Most modern websites are made up of resources delivered from dozens of different servers around the web. Resources from Content-Delivery-Networks (CDNs), Web API endpoints, script frameworks, ad networks, and content management systems are all brought together on the client to build the page that the user sees.
Unfortunately, this amalgamation process can fail miserably if one of the servers involved is slow or unresponsive. Affected pages might never render, display unintelligible errors, or take so long to load that your visitors may choose to leave before your site even loads. Resources that can cause your page to fail are known as a Single Point of Failure (SPOF).
Fiddler’s AutoResponder makes it easy to test how your site behaves when any of its constituent resources is slow or unavailable. With the AutoResponder, you can selectively choose resources to delay or fail, and ensure that your client-side experience recovers as best it can.
Simulating Single Point of Failure
To get started, activate Fiddler’s AutoResponder tab and tick all three boxes at the top:
Next, you’ll want to identify one or more resources to interfere with. Click the Add Rule button, and edit the newly created rule:
In the Request URL Pattern box, you can use a simple string match or a more complicated regular expression. In our case, we’ll match any requests with a URL containing the string doubleclick.net. Next, in the Action box, we’ll select which action to take when a matching request is seen.
When performing “Single Point of Failure” testing, some common choices for the Action include:
|*drop||Aborts the request, sending a TCP/IP FIN to the client.|
|*reset||Aborts the request, sending a TCP/IP RST to the client.|
|*delay:5000||Delay the request by 5 seconds, but allow it to proceed.|
|404_Plain.dat||Send a HTTP/404 response to the client.|
|502_Unreachable.dat||Send a HTTP/502 response to the client.|
For this demo, we’ll use the *reset Action:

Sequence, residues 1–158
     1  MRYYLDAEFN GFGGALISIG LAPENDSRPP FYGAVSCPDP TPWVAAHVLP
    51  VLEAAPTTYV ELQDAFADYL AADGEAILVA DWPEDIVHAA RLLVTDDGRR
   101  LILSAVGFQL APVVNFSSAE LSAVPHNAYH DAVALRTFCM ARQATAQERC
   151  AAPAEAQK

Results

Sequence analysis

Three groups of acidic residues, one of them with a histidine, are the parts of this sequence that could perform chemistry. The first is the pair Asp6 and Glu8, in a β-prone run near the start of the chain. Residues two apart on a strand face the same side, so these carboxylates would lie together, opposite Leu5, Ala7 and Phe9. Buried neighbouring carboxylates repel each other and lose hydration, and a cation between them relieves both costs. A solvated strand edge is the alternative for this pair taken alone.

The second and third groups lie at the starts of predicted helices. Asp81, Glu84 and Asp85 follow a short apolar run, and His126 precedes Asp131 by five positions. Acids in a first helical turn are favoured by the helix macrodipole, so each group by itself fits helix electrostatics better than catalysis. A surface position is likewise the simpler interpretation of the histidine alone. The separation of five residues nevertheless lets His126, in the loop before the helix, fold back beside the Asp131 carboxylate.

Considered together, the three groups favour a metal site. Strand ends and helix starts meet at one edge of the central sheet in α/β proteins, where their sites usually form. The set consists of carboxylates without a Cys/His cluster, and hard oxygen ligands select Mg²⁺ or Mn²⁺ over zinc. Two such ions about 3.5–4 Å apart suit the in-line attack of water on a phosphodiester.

After selecting Action, be sure to click the Save button.
By default, Fiddler will immediately take the Action when a matching request is received. However, real-world server failures are rarely instantaneous; for instance, if a server is unreachable, it often takes 21 seconds for the client to become aware of that fact. You can introduce a delay in your rule by right-clicking it and choosing the Set Latency command.
For our demo, we’ll add five seconds of latency before the connection is reset:
Now, load a page that contains some of the target resources and observe how it behaves. On our simple test page, the loading indicator spins for 5 seconds before the requests fail and the page load is complete (except for the failed advertisement):
Fiddler renders the entries for the blocked resources using a lavender background:
If each of your third-party resources guarantees 99% uptime, your overall page only has 74% chance of loading fully if it has 30 resources that act as a SPOF. Fiddler makes it easy to experience the effects of random failures by using the % operator in the pattern box. The following rule will match a random 5% of the requests whose url contains the characters .js:
You can configure each rule to match between 0 and 100% of the time. Because rules with a *delay action are treated as “non-final”, you can create a set of rules that randomly delay resources at different rates. For instance, the following rules:
Saving & Reloading Rules
After you’ve created a set of rules that you’ve found are a good test case for your site, you can right-click the list of rules and choose Export All…. The resulting .farx file may be reloaded into the AutoResponder at any time using the Import… button at the top of the tab.
- If you’d like to clear the list of rules, click into the list of rules, hit CTRL+A to select them all, and then push Delete.
- To disable the AutoResponder entirely, untick the Enable Automatic Responses box at the top.